I thought Ajahn Brahmali acquitted himself quite well. He took a Sutta based position, and for my money, that's a safe position to argue from. Reject rebirth? OK, but don't call yourself a "Buddhist," or "Gautamist." To S. Batchelor's credit, he claims he has an open mind concerning rebirth and other aspects of the Pali Sutta teachings, and for that, he gets props. To be absolutist, fundamentalist, or blind to the possibility of further evidence is neither good science or good professorial sense, and SB ends with that kind of sensibility, though his books have sold based on an agnostic ("secular Buddhism") premise that rejects some core teachings of the Buddha. Ajahn Brahmali won't sell as many books, but he's selling good old fashioned salt, while SB sells cotton candy.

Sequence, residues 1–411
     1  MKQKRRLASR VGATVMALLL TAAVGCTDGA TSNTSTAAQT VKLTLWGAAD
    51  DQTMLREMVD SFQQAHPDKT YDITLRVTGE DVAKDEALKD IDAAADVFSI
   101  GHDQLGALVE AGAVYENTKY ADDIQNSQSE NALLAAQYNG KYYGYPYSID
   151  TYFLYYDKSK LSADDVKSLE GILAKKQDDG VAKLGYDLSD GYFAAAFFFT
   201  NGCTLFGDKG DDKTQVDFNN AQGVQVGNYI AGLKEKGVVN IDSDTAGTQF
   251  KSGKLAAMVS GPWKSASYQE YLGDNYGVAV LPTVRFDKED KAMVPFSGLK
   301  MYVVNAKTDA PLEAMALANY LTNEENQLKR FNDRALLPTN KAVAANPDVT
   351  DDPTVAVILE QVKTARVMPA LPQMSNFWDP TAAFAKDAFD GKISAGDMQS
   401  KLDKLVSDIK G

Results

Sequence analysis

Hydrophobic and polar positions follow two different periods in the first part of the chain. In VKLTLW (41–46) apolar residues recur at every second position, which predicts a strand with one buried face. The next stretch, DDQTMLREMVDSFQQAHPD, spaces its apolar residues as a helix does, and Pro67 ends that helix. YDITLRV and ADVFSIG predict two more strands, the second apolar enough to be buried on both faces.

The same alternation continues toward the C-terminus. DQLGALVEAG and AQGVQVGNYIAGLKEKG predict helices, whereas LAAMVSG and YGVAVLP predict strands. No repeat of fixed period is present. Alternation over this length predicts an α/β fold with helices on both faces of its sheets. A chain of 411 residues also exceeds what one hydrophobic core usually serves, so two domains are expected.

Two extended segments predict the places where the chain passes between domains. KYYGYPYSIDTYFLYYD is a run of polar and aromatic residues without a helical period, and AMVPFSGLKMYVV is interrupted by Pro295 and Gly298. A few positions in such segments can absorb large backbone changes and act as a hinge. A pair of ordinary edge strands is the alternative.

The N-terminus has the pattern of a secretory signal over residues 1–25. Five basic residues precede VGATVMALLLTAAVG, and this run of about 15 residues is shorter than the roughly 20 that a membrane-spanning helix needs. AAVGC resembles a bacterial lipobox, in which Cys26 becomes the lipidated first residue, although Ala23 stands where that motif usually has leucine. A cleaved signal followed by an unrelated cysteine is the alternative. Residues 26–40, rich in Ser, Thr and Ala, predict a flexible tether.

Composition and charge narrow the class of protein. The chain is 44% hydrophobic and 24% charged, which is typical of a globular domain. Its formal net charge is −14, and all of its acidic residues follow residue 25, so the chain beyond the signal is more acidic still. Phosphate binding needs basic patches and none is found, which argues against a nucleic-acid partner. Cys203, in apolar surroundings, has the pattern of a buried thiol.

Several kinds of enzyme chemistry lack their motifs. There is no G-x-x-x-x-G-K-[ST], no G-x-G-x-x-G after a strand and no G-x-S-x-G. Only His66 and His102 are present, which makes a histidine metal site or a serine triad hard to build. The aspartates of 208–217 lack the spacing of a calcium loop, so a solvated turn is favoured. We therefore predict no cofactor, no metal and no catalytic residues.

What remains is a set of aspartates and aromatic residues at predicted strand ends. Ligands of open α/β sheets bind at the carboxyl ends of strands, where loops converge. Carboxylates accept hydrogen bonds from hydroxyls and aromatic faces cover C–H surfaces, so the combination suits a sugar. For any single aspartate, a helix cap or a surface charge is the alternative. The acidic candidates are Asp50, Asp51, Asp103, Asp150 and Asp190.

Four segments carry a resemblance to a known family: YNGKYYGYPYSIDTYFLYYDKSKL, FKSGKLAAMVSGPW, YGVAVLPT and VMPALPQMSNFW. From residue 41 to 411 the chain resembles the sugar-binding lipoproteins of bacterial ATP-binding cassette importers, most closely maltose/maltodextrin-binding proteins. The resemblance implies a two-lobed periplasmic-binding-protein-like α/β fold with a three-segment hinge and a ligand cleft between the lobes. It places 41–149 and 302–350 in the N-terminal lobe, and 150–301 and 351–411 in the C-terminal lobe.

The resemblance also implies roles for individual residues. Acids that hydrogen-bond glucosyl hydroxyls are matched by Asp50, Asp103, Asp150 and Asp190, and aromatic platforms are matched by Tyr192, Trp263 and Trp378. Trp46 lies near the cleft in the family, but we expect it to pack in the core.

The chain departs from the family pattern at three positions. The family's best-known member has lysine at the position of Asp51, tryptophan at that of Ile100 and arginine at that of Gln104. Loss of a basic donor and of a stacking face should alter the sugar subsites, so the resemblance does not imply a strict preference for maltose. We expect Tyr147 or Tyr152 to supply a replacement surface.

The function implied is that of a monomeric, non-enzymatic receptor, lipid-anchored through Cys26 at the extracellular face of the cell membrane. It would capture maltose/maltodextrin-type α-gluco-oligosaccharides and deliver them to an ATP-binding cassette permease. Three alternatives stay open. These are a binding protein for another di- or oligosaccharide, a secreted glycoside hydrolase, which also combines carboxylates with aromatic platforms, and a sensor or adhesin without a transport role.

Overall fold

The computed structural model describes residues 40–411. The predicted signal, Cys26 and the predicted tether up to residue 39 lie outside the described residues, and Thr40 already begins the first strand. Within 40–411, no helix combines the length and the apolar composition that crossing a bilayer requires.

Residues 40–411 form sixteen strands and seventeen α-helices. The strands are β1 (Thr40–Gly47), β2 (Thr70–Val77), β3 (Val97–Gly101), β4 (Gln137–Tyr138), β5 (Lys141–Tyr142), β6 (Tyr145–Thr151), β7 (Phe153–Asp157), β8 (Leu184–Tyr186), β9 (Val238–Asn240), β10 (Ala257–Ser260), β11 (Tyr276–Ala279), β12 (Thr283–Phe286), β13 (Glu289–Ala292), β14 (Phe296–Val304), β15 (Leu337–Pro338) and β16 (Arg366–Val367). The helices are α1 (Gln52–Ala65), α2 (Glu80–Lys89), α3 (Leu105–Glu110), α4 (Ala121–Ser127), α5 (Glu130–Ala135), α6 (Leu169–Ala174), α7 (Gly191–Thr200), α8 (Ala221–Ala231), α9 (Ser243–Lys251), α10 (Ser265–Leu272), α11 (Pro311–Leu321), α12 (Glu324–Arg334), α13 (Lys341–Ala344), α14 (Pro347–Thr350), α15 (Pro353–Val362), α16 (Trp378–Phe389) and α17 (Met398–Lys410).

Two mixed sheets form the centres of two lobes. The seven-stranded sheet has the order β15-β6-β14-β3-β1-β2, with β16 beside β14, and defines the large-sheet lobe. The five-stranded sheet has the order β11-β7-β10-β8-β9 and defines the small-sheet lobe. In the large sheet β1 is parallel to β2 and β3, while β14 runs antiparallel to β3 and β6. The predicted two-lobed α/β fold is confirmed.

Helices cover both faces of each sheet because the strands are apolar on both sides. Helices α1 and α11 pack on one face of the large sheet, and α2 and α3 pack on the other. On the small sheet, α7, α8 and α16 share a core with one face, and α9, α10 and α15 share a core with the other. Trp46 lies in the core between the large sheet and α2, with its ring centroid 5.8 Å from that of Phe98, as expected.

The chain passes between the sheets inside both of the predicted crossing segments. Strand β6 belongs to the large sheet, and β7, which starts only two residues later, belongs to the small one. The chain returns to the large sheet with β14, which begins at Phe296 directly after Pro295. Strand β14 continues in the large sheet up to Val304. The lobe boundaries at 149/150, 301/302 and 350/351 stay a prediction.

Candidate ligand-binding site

At the end of the day, how we feel about this debate is something of a litmus test for our own biases on these issues.